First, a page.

Wednesday, May 8, 1996
It's Like The TV Guide Crossword
by MF Selena
My dad is the King of Crosswords. He has to complete each one he sees. He seeks them out in newspapers and magazines in our house, in friends' homes, and even in waiting rooms. He knows the three-letter word for a morsel left at a meal (ort), and who the "unready king of England" was (Ethelred II).
Scores of years of practice have perfected his skills so that most crossword puzzles no longer challenge him. He has had to devise new techniques to make them more interesting. He only does them in ink now, so that he can't erase. And most recently, he has begun to only use the "Across" clues, not referring to any "Down" clues for help. So. Now that I have demonstrated his amazing prowess in the field of Crosswordology, can you guess which crossword puzzle is among the most challenging to him? Clue: Check the title of this Fribble.
That's right. Although he sees no reason for TV Guide magazine to exist, since a TV Guide comes with every Sunday paper, he likes its crossword puzzle. Why? Because to him, it's kind of hard. Clues like, "Youngest daughter on 'Empty Nest'" and "She's the Nanny" and "Kathie Lee's co-host" mean nothing to him. He can rack his brain all he wants, and the names Kristy McNichol, Fran Drescher and Regis Philbin will never occur to him. But that's just him. He's clearly different. (What *does* he watch on TV? Sports. And nature documentaries. And musicals. And "Married with Children". Go figure.)
To most of us, these TV Guide crossword clues are not difficult. We're not thrown by references to "Twin Peaks" or "Grace Under Fire." And really, those are the *hard* clues. Each puzzle is chock full of toughies like:
-- "Auditory organ" (3 letters)
-- "Much ___ About Nothing"
-- National Parks Association (abbreviation, 3 letters)
-- "The Catcher in the ___"
-- "The Sun ____ Rises"
-- "The Streets of ___ Francisco"
(Note: All TV Guide crossword clues mentioned in this Fribble are authentic---they come from the 4/27/96 and 5/4/96 issues.)
So why have I gone on and on about crosswords when this Fribble should really have something to do with investing? Because there's a parallel here. Most people seem to be intimidated by the idea of investing. They see it as cryptic and mysterious and difficult as the New York Times Sunday Crossword. So they pay others to manage their money.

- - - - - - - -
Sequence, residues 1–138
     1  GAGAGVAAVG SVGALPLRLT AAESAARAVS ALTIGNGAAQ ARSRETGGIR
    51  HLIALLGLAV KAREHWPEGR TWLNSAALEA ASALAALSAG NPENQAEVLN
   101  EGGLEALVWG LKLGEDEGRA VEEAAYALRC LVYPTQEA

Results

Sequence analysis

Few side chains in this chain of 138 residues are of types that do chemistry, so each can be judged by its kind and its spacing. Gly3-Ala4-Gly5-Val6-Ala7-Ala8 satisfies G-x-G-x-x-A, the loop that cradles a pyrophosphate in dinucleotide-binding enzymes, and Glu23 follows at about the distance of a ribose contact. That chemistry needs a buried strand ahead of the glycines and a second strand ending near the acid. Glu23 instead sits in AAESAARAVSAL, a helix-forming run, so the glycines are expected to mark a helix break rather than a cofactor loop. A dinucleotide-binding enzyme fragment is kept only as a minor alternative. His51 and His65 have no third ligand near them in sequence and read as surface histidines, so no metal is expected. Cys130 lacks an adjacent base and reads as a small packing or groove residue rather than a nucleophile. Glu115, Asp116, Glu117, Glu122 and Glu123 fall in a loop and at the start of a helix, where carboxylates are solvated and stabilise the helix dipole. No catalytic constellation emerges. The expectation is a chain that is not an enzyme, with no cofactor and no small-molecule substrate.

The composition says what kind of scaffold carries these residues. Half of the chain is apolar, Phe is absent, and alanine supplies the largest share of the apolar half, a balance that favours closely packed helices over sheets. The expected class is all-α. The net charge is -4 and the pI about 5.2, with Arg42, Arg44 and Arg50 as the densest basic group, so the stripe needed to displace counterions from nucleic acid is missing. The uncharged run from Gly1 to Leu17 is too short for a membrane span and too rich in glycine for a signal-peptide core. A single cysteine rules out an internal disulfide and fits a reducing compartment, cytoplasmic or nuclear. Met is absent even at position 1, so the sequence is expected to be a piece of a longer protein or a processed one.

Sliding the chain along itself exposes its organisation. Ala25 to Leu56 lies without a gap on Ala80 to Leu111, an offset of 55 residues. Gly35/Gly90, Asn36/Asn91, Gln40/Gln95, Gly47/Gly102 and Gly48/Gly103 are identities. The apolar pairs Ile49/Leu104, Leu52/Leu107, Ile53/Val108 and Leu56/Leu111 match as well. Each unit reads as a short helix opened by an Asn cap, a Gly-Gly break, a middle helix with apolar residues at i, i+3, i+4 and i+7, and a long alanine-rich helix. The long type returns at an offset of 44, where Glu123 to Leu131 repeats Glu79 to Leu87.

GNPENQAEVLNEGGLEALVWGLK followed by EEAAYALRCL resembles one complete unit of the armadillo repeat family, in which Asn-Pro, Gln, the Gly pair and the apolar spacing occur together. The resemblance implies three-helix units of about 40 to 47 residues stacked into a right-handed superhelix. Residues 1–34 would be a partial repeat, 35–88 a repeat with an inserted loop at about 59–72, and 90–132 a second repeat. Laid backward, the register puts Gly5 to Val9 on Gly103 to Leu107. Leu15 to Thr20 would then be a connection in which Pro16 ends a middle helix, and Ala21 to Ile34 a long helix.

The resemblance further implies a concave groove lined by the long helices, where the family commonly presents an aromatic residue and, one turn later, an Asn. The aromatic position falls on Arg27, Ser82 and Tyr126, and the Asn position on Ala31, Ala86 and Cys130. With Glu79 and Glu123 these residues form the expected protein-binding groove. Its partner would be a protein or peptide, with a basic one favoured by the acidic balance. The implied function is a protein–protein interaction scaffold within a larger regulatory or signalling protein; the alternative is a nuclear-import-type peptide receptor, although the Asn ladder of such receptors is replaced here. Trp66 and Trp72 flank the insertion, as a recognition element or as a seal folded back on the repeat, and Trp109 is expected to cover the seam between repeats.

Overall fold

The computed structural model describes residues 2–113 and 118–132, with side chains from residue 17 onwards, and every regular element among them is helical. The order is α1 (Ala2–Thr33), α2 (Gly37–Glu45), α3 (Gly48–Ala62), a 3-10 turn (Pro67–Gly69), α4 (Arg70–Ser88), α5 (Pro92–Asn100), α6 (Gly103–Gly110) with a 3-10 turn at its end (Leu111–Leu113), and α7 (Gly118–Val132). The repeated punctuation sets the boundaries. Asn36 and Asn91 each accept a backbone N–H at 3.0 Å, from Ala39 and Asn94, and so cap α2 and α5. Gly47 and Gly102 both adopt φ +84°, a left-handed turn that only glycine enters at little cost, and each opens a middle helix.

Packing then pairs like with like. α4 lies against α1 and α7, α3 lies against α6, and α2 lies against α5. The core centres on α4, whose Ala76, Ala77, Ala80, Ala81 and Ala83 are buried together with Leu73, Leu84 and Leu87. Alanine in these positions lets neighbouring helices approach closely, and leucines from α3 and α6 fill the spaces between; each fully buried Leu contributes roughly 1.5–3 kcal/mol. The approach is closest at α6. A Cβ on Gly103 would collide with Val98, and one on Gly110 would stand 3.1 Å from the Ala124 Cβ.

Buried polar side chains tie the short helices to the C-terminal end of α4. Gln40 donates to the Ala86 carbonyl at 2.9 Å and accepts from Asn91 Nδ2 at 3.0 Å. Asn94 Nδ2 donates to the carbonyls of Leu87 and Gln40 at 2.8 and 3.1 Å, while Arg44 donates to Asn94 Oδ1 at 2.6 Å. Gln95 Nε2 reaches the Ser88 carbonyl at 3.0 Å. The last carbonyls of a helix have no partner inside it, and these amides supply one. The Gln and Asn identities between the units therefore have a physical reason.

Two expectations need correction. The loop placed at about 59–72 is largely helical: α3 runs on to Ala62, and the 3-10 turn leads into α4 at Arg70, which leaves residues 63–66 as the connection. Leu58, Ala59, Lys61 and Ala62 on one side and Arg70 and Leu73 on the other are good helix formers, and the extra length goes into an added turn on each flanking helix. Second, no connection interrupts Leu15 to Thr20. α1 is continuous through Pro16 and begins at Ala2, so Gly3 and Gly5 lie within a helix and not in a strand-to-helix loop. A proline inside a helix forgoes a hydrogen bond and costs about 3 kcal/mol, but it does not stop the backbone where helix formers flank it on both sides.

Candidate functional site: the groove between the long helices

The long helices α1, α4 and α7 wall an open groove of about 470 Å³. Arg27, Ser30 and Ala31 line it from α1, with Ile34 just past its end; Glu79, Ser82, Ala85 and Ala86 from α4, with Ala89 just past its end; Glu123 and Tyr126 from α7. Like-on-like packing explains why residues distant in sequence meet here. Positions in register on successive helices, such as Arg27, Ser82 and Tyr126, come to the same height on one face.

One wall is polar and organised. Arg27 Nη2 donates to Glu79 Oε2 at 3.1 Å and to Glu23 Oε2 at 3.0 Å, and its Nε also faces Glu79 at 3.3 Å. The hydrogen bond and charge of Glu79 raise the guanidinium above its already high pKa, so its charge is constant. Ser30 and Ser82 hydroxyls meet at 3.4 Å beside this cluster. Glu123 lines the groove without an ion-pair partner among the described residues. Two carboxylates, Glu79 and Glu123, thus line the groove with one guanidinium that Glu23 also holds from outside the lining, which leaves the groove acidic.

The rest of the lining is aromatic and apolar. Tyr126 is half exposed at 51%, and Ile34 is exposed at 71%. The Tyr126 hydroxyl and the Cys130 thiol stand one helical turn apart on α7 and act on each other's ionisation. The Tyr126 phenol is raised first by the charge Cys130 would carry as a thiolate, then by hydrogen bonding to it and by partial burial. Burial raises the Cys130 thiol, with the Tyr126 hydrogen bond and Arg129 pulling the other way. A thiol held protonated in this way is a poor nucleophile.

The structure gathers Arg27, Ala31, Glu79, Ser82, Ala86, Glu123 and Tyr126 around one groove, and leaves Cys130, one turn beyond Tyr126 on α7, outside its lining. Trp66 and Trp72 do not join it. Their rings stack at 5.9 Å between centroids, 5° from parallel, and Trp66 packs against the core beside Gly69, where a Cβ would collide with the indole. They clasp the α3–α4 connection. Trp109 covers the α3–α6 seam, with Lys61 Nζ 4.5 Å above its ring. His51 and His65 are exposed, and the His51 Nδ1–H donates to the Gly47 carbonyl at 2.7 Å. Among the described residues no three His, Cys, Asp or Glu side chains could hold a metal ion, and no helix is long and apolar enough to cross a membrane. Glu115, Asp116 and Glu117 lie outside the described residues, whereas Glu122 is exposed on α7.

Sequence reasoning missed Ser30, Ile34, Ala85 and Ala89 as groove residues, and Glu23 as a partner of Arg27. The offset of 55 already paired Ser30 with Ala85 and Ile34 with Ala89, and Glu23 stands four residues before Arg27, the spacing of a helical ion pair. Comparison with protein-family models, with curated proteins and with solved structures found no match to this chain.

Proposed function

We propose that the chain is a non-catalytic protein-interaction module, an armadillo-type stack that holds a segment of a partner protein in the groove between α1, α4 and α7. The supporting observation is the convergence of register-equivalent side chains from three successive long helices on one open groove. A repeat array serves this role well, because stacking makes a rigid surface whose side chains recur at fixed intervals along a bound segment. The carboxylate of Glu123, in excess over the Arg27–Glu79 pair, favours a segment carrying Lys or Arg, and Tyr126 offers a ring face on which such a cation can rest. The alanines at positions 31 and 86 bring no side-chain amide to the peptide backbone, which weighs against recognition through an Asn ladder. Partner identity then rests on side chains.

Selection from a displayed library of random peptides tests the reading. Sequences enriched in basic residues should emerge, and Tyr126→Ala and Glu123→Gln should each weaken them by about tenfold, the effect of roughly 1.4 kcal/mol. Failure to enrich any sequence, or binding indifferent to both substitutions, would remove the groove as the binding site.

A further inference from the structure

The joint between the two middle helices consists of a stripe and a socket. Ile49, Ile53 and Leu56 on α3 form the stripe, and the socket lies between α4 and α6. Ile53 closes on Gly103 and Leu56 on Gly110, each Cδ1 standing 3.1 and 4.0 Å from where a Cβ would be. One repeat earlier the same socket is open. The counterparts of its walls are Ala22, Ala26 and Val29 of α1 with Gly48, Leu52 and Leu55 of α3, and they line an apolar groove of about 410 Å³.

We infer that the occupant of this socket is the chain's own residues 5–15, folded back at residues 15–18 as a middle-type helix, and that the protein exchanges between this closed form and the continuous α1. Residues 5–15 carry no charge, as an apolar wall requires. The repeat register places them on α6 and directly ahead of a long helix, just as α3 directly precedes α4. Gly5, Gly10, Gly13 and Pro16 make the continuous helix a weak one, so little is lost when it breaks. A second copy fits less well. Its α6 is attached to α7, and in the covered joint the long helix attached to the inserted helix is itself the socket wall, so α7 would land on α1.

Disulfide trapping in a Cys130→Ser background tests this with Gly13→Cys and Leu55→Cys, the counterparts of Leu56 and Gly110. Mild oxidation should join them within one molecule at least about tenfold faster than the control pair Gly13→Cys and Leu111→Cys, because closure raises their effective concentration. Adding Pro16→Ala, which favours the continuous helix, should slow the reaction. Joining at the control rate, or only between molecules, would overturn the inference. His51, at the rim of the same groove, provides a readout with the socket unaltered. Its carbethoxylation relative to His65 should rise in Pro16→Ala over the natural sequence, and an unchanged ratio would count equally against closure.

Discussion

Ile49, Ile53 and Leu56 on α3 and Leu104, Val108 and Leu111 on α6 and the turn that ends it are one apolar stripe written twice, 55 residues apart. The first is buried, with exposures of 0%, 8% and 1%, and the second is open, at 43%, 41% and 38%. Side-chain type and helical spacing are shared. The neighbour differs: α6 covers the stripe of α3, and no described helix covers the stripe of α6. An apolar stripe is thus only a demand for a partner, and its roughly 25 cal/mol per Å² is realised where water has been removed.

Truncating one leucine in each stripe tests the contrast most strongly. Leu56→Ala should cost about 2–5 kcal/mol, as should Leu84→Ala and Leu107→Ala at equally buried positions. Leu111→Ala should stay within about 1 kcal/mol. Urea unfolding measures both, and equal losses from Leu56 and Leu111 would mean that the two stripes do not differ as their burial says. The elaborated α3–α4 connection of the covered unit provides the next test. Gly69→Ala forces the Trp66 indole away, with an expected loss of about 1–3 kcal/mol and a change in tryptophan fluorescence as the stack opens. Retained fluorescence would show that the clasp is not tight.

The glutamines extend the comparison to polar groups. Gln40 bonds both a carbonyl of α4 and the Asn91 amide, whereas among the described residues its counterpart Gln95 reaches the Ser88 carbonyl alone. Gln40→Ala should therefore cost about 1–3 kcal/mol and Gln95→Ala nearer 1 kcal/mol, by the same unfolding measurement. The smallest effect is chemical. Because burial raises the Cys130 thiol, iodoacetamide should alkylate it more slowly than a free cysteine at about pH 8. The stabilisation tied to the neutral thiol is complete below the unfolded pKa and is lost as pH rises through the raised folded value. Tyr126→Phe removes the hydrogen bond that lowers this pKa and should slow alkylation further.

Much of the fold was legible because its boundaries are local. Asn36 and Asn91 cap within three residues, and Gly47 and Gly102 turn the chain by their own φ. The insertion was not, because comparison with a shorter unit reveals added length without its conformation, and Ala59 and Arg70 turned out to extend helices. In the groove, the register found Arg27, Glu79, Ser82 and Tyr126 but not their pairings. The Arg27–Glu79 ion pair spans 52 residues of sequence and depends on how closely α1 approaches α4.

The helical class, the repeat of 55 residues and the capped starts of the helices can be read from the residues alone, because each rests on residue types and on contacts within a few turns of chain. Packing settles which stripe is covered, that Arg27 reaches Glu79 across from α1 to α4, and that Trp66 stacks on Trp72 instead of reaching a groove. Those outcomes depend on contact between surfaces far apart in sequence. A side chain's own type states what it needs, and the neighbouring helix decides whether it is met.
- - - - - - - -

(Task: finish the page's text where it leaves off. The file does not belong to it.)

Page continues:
But Fools have learned that investing is really only as hard as the TV Guide crossword. Most of us can do this puzzle very quickly, racing through clues like "Day of Atonement: ___ Kippur", "East of ____", "Child's snow vehicle" (4 letters), and "Rowing implement" (3 letters). We can probably do the whole thing in ten minutes. And that's just as long as it takes to figure out which Dow Dividend Approach stocks you should buy.
In fact, beating the market and besting most mutual fund managers handily takes even *less* time than the TV Guide crossword puzzle. Why? Because each week there's a new crossword. That means ten minutes a week--- 520 minutes a year---over eight and a half hours! With the Dow Dividend Approach, you spend well under half an hour a year (I'm including the call to your broker here, and your time waiting on hold), and you recoup roughly 20% per year. And it isn't hard!
So let the masses look at the Sunday Times puzzle and shudder. Let them pay big bucks to financial professionals who are not likely to give them a 20% return. We Fools know what we're doing. And so does my dad. When the Fool portfolio bought Sears, General Electric and Chevron this past August, my parents did, too. They're up some 35% so far, with three months to go. And another benefit?
Such Foolish investing frees up my dad's time for more crosswords.